Horta-Osório’s tenure has lived up to my expectations. But it has been a queasy journey for shareholders, whether they be institutions, the government or UK retail investors. Lloyds’ share price was roughly 62 pence when Horta-Osório took over on March 1 2011 and it closed on July 19 2013 at 69.25 pence – an approximate 12% increase in roughly two-and-a-half years, some 4.9% a year. This is certainly not an outstanding return, although it has to be set against the backdrop of a turbulent market for financial stocks. By way of comparison, during the same period, the HSBC share price also rose by 12% and Barclays’ had a more modest gain of 2%. What this shows me is that despite commentators trumpeting that some equity markets are at an all-time high, equity investing is a bit like a game of snakes and ladders. It all depends which shares you buy, when and at what price.

However, what puzzles me about the recent performance of Lloyds’ share price is the heady and steady ascent in recent months. In the past three months, the share price has risen some 47%, despite it being widely reported that the government will look to divest some of its stake this autumn. It seems that the UK Treasury is targeting three different types of investors: sovereign wealth funds, institutional investors and retail investors.

The received wisdom is that sovereign wealth funds will have to buy the shares at a premium to the current value. This surprises me and I will be interested to see how such an offering plays out. I am also surprised that Lloyds’ stock price is so robust as essentially if you buy the bank, you are betting on a strong UK economy: Lloyds is the biggest mortgage lender in the UK. Yet during the same three months that the Lloyds share price has performed so well, sterling has not strengthened at all against the US dollar and in fact the general sentiment is that the currency might fall further. Isn’t this a contradiction?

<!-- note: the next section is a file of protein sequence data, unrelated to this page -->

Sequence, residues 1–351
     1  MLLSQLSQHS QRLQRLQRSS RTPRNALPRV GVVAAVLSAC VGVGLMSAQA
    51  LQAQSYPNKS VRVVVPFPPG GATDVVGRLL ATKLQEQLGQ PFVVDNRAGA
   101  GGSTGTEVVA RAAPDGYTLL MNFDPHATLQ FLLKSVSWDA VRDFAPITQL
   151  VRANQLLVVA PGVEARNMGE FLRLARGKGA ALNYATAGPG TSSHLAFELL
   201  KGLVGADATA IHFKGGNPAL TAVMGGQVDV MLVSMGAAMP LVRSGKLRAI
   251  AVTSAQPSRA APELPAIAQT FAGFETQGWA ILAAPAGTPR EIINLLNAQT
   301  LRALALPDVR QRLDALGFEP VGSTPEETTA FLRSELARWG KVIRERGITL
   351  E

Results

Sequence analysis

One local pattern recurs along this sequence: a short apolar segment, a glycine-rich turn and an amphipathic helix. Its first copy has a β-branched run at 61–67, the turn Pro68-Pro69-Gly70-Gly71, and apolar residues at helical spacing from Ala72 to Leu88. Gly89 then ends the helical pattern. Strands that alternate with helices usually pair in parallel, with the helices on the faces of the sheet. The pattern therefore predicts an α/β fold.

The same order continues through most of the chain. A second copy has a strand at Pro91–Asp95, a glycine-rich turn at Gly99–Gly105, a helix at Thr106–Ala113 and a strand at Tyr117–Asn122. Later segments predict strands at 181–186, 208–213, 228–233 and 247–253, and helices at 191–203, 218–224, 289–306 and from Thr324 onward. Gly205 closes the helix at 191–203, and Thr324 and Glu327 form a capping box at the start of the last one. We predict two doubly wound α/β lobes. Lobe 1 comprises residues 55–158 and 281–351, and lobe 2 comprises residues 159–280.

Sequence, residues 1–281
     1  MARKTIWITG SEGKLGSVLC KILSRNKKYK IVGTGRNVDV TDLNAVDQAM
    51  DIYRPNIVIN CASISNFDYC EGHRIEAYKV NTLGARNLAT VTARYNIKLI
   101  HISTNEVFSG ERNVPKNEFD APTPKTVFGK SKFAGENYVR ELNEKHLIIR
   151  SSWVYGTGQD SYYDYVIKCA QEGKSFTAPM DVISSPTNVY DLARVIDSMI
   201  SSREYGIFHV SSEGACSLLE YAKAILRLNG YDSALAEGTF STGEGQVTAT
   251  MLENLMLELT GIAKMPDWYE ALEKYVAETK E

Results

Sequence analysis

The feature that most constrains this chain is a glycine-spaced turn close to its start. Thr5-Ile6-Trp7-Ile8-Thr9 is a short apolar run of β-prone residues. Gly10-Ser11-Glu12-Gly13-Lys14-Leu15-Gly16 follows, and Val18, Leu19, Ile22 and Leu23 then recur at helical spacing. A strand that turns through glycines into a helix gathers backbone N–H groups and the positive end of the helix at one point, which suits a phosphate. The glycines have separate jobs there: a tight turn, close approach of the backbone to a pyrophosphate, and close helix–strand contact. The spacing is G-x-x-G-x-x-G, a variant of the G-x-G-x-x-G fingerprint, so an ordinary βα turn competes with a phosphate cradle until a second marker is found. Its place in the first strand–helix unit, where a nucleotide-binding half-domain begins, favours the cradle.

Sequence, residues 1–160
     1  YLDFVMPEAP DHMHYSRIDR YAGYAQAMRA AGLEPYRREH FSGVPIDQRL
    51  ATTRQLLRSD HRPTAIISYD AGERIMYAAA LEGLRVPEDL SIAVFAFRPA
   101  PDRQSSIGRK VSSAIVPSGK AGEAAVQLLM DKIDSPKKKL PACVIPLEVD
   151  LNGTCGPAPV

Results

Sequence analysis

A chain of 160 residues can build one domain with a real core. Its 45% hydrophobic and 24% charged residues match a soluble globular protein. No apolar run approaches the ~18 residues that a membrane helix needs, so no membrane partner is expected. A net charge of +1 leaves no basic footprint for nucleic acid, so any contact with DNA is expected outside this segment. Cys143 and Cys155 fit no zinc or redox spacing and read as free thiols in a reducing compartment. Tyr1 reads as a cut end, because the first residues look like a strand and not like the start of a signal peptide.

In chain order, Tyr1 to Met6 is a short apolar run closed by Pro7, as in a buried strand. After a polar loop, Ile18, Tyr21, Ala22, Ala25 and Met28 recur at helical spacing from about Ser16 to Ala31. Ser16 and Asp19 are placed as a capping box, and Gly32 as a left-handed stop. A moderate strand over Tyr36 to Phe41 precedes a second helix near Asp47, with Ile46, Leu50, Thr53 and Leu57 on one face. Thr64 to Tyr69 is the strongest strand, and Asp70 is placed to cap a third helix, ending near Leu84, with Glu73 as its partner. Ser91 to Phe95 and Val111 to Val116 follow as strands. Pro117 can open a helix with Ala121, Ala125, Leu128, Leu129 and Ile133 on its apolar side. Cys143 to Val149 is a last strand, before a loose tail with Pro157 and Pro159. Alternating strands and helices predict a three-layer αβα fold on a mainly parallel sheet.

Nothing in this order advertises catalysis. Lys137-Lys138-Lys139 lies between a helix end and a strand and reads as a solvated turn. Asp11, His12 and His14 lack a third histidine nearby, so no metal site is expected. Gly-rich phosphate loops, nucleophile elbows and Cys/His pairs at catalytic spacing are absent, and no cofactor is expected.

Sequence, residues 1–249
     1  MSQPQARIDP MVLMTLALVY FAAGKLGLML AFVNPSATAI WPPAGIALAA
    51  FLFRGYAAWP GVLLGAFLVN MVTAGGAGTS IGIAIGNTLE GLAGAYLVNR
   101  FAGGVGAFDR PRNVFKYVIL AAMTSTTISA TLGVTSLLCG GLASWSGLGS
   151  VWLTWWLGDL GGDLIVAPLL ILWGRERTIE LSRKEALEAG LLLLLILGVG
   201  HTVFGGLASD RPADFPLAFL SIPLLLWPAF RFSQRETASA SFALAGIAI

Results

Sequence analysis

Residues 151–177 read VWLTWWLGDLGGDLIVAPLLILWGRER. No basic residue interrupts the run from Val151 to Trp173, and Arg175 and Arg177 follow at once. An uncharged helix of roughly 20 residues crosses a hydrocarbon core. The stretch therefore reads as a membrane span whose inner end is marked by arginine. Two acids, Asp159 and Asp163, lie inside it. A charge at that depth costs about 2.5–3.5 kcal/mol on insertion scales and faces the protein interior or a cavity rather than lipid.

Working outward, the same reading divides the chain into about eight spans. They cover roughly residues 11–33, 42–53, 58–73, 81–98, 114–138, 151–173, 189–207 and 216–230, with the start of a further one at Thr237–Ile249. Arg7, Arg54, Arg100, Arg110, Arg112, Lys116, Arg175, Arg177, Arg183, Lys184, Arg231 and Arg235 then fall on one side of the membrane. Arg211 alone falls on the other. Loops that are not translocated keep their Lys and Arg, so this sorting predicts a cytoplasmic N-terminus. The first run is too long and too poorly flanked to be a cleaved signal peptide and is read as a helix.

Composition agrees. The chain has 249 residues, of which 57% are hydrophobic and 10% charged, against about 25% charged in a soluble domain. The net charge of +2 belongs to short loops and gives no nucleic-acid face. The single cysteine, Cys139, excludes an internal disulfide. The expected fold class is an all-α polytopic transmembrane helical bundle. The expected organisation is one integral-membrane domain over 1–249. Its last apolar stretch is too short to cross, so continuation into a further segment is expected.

"Not at all," purred one source. "Lloyds is a turn-around story, and everyone thinks Horta-Osório walks on water." A respected bank analyst was more considered, verging on the cynical: "Investors are buying Lloyds because they perceive it to be a geared play on the UK economic recovery and rising house prices. No one wants to own RBS. Barclays’ revenues are heavily orientated to investment banking, so Lloyds benefits by default. It is also something of a self-fulfilling story because as the government sells down its stake, there could be more demand for the shares from index-trackers, and income funds will start buying when the dividend is re-started, which management is now talking about. Management is also talking up the story so that the government can exit above their 61 pence break-even price."

Lloyds’ second-quarter results will be announced on August 1. I will be interested to see what they reveal and will be following closely the divestment of the government’s stake in the bank. But I would warn devoted readers looking to scoop up a bit of UK PLC that, at the time of writing, Lloyds shares don’t look cheap as they are trading above tangible book value.

Of course, the best time to buy banks is when they are in trouble – that is as long as they don’t go bankrupt. I was thus intrigued to see that, according to the Financial Times, the Abu Dhabi sheikh, Sheikh Mansour, who came to the rescue of Barclays at the height of the financial crisis, has recently sold the rump of his stake in the UK bank. In October 2008, Barclays raised over £7 billion from the Abu Dhabi and Qatar sovereign wealth funds, as well as some other institutional shareholders, in the form of reserve capital instruments and mandatorily convertible notes. This offering was done on extremely attractive terms for the investors and included a sweetener of free warrants that could be converted into more shares. Indeed, Abu Dhabi sold its Barclays’ shares (but kept the warrants) some eight months later and made a return of about 70%. That would make me think twice – if I were a sovereign wealth fund – about purchasing Lloyds’ shares at a premium to the current price. Just a thought, but if a successful investor such as Sheikh Mansour is selling his holding in the UK banking sector, is it a good time for retail investors to be rushing in?